THE LGBTQ+ Haggadah
Established in 2006, the GLBT Haggadah, the first of its kind, integrates LGBTQ+ Passover traditions within the spirit of the traditional Passover experience. It includes a LGBTQ-specific Seder plate, the Four LGBTQ Children, the Prophetess Miriam’s Cup, a Timeline of LGBTQ Events that parallels the Magid, and much, much more.
LGBTQ+ & Ally Synagogues in Los Angeles
Congregation Beth Chayim Chadashim
Founded in 1972, the first LGBTQ synagogue in the world is an inclusive community of progressive LGBTQ and heterosexual individuals, their families and friends, with programs for all ages.
Congregation Kol Ami
West Hollywood’s Reform synagogue builds on the traditions of Judaism while respecting and welcoming everyone: lesbian, gay, bisexual, straight, interfaith couples and their children.
IKAR is a spiritual community, which fuses tradition and imagination, activism and spiritual practice. It is a deeply inclusive community and embraces all who join them: LGBTQ individuals and families, interfaith couples, Jews of Color, Jews by Choice, and those from all levels of Jewish observance.
Temple Kol Tikvah – Rabbis Jon Hanish & Becky Hoffman
Congregation Or Ami – Rabbi Paul Kipnes
Sinai Temple – Rabbi Nicole Guzik
LGBTQ+ Resource Centers in Los Angeles
National LGBTQ+ Organizations
COLAGE – Children of Gay, Lesbian, Bisexual and/or Transgender Parents Everywhere
GLSEN – Gay, Lesbian, & Straight Education Network
HRC – The Human Rights Campaign
ISNA – Intersex Society of North America
The National Gay and Lesbian Task Force
PFLAG – now Parents, Friends, Families and Allies united with LGBT People
Transgender Specific Resources
The Lavender Effect’s Mission is to advance the future of LGBTQ heritage and culture.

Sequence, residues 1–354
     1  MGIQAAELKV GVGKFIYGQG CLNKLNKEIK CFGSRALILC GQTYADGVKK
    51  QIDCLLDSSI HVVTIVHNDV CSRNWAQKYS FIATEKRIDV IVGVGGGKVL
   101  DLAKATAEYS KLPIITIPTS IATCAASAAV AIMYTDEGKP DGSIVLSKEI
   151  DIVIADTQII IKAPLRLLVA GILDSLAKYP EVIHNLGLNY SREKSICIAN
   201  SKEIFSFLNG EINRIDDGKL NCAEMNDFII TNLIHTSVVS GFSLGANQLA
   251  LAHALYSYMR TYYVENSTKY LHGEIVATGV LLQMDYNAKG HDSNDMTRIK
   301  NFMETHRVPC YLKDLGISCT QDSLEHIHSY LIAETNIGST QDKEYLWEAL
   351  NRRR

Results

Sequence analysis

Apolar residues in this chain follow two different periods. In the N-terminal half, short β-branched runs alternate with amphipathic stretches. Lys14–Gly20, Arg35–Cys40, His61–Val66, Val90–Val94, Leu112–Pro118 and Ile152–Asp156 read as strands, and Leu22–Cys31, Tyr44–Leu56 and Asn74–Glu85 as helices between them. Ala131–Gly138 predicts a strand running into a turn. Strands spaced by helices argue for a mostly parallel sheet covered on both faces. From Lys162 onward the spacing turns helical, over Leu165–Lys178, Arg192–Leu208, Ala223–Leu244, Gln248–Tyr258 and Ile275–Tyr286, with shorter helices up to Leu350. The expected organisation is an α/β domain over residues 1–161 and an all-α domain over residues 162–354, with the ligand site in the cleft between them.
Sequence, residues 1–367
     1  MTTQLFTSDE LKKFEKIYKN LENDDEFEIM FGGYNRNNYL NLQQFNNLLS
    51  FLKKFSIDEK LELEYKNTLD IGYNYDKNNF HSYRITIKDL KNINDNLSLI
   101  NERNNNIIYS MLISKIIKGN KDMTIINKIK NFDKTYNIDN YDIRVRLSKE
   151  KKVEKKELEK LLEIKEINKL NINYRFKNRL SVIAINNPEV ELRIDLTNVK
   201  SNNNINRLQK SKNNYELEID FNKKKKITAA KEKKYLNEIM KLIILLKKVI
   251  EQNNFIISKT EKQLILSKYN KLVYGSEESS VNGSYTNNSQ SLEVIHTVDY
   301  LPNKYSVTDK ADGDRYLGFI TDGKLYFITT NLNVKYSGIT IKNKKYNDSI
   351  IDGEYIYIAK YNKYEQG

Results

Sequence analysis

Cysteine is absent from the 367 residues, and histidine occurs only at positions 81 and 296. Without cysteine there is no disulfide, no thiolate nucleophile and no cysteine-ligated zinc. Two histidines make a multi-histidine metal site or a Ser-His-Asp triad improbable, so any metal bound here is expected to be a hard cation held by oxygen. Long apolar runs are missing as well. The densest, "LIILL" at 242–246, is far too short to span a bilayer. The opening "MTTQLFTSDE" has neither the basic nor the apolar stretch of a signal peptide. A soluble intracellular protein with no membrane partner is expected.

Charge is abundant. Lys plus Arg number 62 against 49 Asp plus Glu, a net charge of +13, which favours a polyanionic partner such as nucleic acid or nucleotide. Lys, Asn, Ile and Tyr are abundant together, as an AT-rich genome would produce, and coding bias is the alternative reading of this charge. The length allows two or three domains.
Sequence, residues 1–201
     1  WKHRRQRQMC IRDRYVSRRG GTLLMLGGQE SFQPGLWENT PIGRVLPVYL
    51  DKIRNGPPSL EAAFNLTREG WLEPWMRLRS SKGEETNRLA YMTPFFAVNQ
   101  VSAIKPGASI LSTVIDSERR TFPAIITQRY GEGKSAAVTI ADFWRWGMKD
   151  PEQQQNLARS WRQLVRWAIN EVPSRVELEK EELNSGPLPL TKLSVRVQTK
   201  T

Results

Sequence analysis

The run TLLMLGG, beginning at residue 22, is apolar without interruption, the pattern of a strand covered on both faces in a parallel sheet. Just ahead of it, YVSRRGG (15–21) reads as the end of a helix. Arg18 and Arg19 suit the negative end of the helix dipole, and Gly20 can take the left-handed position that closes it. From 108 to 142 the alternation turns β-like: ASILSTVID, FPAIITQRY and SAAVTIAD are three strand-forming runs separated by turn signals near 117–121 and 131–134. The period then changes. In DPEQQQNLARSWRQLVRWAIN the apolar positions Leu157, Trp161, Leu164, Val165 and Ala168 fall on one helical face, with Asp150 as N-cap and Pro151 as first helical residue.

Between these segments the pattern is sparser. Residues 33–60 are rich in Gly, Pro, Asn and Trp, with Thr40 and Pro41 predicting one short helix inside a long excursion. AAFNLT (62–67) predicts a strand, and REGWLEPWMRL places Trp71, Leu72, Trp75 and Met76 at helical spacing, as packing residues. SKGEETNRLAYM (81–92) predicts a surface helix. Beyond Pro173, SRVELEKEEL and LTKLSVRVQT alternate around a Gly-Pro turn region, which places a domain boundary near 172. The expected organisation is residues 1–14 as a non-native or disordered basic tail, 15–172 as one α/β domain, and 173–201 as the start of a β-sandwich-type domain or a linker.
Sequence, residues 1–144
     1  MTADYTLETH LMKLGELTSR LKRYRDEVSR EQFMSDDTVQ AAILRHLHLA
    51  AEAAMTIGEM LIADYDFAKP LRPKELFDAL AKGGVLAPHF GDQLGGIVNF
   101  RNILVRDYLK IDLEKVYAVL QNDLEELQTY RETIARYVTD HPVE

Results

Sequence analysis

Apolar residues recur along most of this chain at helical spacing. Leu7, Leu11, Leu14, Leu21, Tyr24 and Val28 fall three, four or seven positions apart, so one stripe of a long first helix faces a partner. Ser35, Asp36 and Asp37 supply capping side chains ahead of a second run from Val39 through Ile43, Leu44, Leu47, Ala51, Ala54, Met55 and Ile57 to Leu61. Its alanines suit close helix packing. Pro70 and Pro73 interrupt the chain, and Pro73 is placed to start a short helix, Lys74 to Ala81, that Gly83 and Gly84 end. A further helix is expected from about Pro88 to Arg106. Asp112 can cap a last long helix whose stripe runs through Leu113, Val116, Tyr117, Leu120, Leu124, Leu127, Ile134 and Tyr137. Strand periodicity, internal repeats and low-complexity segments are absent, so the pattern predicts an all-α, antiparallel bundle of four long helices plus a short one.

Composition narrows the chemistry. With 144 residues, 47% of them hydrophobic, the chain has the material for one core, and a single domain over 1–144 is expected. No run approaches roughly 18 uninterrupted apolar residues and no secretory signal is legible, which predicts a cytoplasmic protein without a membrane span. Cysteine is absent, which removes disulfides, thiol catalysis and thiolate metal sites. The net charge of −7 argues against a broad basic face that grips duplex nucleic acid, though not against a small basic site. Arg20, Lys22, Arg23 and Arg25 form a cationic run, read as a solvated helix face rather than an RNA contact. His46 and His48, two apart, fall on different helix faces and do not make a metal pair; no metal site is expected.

TransCanWork is dedicated to helping businesses, schools & the trans community achieve higher levels of success through our workshops, speaking engagements, educational outreach & Transgender-Inclusivity trainings.
Youth and Gender Media Project
The mission is to support educators, families and youth who want to create inclusive communities by providing them with ground-breaking videos and curricula about gender expansive youth.
Essential Resources: A Core Book Collection for Jewish Libraries
Kulanu: All of Us: A Program and Resource Guide for Gay, Lesbian, Bisexual, and Transgender Inclusion, Revised and Expanded.
Address, Richard F., Joel L. Kushner, and Geoffrey Mitelman. New York: URJ Press, 2007.
Written from a Reform point of view but applicable to a range of denominations, this volume is a valuable resource for any synagogue or school. In addition to personal stories, it offers suggestions for becoming a welcoming LGBT congregation, lesson plans for school programs, life cycle ceremonies, extensive curriculums, and the texts of Reform resolutions on LGBT issues. (Disclosure: one of the authors of this article was an editor of Kulanu.)
Like Bread on the Seder Plate: Jewish Lesbians and the Transformation of Tradition.
Alpert, Rebecca. New York: Columbia University Press, 1997.
Dr. Alpert, a Reconstructionist rabbi, examines the Torah texts concerned with sexuality and personal relationships—first from a traditional standpoint and then from a lesbian/feminist academic point of view. She continues with a discussion of how lesbian relationships can exemplify Jewish values.
Lesbian Rabbis: The First Generation.
Alpert, Rebecca T., Ellen Sue Levi Elwell, and Shirley Idelson. New Brunswick, NJ: Rutgers University Press, 2001.